It's one of the most recognizable symbols of American power, a gleaming fixture in numerous Hollywood political action films, and, when it comes right down to it, a darn cool ride.
But soon, Air Force One will be getting a makeover. That's not exactly surprising given that the two Boeing 747-200 aircraft that most often transport President Barack Obama (his plane is always called Air Force One) are nearing a 30-year planned service life in 2017. My colleague Tony Capaccio reported Wednesday that Boeing is getting the contract for three modified 747-8 passenger planes, after Air Force Secretary Deborah James signed a document justifying Boeing's spot as the sole source contractor. Specialized equipment for the new aircraft will go out for bids. Capaccio also says the Air Force is budgeting $1.6 billion through 2019 on research for that presidential aircraft replacement program.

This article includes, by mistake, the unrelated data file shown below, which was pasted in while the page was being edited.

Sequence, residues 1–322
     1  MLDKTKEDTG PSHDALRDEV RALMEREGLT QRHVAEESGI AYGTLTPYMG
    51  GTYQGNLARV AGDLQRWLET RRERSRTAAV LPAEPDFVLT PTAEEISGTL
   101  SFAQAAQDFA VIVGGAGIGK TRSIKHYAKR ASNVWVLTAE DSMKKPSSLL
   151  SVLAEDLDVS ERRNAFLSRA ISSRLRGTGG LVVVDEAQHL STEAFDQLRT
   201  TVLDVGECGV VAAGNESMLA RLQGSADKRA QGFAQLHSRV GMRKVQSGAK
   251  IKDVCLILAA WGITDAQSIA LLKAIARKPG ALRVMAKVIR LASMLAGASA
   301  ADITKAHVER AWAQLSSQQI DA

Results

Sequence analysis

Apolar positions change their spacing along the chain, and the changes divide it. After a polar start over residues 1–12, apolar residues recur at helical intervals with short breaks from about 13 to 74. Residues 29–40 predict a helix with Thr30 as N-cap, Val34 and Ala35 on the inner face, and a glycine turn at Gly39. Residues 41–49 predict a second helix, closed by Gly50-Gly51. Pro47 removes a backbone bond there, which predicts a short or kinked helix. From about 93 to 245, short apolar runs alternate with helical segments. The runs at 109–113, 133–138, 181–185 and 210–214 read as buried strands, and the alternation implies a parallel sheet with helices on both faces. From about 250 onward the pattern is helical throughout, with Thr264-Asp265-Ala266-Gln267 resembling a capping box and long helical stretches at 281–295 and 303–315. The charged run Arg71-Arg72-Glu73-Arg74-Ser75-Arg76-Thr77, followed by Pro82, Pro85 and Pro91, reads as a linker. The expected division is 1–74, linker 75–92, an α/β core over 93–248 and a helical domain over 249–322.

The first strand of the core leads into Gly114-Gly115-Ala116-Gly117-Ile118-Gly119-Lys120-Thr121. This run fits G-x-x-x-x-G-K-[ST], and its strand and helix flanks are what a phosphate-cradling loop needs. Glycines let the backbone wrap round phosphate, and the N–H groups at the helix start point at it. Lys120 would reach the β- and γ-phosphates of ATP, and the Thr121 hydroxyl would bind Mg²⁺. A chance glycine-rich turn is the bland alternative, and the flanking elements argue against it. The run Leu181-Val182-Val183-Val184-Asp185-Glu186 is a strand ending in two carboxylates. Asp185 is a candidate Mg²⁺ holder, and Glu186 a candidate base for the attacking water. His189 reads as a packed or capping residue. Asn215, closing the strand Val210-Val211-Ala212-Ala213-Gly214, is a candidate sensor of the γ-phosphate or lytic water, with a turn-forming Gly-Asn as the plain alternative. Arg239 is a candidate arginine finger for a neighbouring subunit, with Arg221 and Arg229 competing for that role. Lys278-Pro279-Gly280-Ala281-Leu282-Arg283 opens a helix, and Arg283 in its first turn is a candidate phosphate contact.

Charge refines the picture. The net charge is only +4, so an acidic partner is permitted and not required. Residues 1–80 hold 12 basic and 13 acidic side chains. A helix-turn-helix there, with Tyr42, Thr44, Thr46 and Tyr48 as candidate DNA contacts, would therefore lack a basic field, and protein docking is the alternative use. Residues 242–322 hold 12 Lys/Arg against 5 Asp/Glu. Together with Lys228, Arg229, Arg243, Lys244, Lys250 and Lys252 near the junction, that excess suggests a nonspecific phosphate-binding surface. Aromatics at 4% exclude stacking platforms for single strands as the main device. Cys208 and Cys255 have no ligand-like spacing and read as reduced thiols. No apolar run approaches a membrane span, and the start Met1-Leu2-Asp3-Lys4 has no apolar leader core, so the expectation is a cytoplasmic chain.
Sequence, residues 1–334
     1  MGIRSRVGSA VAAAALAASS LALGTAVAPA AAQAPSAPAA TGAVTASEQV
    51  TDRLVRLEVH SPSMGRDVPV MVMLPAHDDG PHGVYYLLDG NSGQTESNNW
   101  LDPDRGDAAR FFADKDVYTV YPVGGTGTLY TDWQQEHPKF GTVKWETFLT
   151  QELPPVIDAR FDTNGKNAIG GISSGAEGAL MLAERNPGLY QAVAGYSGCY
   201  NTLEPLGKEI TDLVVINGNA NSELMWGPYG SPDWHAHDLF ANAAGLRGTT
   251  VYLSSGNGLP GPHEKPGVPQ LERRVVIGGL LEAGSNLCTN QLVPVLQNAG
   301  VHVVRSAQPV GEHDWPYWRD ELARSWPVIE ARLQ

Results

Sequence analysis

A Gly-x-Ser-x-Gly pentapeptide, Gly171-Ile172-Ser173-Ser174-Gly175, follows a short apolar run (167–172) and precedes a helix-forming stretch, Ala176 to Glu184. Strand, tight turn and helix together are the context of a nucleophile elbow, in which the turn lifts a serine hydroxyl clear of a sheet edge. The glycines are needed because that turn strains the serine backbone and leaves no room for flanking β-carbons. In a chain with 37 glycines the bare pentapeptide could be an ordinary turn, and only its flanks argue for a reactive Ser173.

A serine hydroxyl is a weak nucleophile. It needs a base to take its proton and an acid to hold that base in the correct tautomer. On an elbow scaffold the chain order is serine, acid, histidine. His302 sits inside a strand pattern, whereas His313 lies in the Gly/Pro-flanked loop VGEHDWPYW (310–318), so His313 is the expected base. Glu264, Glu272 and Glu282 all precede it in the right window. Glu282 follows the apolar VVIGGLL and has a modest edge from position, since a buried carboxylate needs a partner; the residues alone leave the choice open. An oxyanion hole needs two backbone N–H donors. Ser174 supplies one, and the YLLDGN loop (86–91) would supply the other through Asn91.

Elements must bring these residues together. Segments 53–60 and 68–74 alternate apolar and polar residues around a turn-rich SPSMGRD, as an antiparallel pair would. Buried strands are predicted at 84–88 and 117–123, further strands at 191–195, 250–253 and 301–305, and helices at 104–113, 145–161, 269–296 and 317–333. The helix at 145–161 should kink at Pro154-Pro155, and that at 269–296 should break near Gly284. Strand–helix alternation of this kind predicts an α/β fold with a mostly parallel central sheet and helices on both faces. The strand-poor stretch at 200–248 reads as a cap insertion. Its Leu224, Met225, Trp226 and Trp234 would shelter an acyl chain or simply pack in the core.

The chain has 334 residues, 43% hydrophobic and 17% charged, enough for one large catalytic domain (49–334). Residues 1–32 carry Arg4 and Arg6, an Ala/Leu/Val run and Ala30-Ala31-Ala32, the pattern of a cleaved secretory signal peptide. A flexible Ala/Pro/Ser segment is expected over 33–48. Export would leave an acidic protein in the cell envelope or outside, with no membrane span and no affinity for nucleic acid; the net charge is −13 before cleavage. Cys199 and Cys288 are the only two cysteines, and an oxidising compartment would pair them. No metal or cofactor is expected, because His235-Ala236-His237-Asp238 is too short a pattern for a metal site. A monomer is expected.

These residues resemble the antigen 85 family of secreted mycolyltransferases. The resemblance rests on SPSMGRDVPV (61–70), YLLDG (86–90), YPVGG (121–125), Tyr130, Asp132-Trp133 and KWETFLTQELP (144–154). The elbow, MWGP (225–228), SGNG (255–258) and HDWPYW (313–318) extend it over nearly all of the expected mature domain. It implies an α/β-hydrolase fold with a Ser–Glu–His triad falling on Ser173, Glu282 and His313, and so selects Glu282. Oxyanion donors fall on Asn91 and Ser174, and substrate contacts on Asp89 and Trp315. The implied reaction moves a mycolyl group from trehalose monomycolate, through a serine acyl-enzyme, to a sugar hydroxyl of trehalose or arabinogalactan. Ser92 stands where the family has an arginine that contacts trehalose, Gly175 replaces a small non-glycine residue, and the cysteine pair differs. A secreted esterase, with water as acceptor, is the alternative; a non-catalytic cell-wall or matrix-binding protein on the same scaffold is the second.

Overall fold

Boeing is clearly proud of its special relationship to the presidential aircraft; it has a web page dedicated to AF1 trivia, including how much floor space is in the "flying Oval Office" (4,000 square feet) and the aircraft's specialized capabilities for hospital care and aerial refueling.
The bad news for Obama? The new AF1s won't be delivered until two years after he leaves office, and then have another five years of testing before entering service in 2023. That means Obama's successor would need to win a second term in office to try out the next generation of Air Force One.